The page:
They promised us jetpacks. But if they arrive in the future, many of us may not be able to afford them.
Jason Furman of the US Council of Economic Advisors gave a speech last week (pdf, p. 5) highlighting the potential for automation to displace today’s jobs, even as it creates new ones. No one knows exactly how many jobs automation will claim. Oxford University researchers guess 47% of U.S. jobs (pdf) are at risk. The OECD, an international economic group, estimates only 9% of jobs are under threat in member nations.
Whatever the number, the effects will fall disproportionately on those with low incomes, according to Furman. The Council of Economic Advisers ranked the occupations in the Oxford University study to see where automation was likely to strike first. They found those with the least skills and wages were by far the most vulnerable: 83% of jobs paying less than $20 per hour were considered likely to be automated.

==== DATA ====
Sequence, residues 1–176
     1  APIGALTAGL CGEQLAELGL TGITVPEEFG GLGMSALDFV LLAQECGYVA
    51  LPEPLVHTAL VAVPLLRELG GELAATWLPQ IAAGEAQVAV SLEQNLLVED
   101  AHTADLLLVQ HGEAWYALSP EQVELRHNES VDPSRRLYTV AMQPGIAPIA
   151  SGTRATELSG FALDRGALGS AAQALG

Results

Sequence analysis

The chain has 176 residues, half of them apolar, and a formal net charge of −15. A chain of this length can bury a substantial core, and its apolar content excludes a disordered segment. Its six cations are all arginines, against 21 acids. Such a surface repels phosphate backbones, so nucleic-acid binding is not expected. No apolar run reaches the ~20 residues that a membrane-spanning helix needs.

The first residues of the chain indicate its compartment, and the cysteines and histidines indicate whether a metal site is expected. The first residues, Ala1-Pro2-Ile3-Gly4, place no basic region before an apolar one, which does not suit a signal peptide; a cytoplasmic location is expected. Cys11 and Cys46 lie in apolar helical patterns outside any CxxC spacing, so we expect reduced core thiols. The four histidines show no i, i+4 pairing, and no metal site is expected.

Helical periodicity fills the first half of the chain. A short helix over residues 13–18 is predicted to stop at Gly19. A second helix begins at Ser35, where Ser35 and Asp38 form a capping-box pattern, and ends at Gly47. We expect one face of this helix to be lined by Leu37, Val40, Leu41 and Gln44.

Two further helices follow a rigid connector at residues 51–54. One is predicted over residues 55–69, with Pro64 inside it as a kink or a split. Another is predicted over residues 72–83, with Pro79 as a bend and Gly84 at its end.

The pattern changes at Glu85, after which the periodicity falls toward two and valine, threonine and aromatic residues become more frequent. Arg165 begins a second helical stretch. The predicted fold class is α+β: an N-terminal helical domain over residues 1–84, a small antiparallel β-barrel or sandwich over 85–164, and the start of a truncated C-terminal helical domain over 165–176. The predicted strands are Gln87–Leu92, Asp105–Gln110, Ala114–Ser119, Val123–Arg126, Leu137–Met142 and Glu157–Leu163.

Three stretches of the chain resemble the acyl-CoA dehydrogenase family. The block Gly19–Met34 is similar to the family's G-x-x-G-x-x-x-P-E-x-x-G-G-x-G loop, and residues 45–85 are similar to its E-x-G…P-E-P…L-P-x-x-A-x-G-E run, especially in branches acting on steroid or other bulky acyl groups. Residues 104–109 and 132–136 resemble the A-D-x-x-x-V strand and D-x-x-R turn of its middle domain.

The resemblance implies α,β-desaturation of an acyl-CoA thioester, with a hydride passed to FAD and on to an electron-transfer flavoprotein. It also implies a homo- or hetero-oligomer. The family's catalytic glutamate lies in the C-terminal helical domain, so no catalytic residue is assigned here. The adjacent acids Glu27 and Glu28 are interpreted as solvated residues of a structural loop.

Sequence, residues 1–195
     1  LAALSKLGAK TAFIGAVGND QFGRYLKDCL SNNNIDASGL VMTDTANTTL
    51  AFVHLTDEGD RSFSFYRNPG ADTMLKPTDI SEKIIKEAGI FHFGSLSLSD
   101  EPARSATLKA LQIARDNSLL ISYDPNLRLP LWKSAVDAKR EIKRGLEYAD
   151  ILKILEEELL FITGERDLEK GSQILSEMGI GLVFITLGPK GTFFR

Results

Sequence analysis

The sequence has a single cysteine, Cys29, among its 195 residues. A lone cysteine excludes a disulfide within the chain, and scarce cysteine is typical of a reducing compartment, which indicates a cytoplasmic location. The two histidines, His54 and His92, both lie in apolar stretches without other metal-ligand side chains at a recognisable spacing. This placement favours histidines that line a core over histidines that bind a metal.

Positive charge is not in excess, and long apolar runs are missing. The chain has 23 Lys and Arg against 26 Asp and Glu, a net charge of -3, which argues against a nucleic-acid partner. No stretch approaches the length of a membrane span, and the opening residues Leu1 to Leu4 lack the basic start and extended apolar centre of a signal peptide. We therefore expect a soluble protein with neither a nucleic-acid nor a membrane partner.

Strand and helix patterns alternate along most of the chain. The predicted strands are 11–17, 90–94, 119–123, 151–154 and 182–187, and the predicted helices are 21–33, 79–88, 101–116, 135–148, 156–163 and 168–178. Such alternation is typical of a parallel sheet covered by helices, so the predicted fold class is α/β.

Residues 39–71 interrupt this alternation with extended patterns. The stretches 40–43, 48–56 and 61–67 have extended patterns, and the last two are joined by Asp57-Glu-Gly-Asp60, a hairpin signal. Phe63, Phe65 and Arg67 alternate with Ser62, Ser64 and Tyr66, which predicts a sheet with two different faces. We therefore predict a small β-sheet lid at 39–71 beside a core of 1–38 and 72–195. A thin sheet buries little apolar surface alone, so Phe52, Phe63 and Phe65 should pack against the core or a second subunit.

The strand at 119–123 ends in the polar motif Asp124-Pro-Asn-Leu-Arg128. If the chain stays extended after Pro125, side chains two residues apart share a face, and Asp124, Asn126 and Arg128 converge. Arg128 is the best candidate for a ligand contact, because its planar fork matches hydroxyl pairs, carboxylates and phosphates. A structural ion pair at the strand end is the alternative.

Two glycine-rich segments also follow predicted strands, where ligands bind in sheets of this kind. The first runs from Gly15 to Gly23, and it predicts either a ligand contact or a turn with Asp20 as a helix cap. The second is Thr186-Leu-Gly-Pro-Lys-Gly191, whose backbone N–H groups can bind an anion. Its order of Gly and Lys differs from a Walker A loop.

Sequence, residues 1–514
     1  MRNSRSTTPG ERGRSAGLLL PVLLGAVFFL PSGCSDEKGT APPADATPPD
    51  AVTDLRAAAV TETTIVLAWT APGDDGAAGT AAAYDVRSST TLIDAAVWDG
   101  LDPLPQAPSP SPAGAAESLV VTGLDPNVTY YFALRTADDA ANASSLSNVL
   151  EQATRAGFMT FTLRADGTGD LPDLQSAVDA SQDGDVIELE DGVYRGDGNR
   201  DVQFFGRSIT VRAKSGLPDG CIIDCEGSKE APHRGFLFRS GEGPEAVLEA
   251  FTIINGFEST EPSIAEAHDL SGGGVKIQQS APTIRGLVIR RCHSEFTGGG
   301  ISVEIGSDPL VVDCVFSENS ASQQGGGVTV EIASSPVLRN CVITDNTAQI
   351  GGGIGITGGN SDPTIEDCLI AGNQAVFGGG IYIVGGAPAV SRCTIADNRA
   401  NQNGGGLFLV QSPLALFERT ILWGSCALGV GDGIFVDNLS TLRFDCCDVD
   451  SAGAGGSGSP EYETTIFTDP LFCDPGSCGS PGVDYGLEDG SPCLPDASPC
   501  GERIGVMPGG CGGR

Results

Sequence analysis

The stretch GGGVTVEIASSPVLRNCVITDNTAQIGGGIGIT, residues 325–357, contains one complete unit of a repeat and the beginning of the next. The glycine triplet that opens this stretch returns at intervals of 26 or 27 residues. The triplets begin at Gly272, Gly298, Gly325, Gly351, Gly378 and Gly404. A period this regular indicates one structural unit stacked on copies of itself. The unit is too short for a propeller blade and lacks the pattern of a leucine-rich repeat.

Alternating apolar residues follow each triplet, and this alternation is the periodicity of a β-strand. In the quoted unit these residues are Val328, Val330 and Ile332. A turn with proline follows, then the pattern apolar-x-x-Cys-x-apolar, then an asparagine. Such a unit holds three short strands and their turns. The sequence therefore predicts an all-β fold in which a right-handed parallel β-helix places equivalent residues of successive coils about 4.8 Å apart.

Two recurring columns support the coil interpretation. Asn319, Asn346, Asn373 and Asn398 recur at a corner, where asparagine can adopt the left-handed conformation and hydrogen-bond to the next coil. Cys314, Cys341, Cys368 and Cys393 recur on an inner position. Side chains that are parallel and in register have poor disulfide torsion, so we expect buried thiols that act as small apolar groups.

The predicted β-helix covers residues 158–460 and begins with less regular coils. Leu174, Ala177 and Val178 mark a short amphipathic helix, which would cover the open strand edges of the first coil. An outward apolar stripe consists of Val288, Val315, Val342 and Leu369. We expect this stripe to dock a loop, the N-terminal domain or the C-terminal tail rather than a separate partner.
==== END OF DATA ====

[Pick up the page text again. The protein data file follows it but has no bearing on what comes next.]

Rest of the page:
Furman pointed out that automation, like most technologies, will create more jobs over time and, if the history of technology holds true, improve overall wealth. But it is unlikely to be distributed evenly. Even if the Council’s estimates are off, automation will drive more income inequality, causing acute disruption among the poor and middle class.
For professions paying more than $40 per hour, it may only be a matter of time before the machines come for them as well. Lawyers and paralegals already compete with software that can sift through trial documents. Computer vision algorithms routinely outperform doctors in detecting and diagnosing some cancers. Journalists also face algorithms that can generate thousands of articles per day about sports and financial news.
New wealth and occupations are certain to emerge from this next wave of automation. It’s not clear if those opportunities will come fast enough, or pay enough, for most people who lose their jobs to benefit.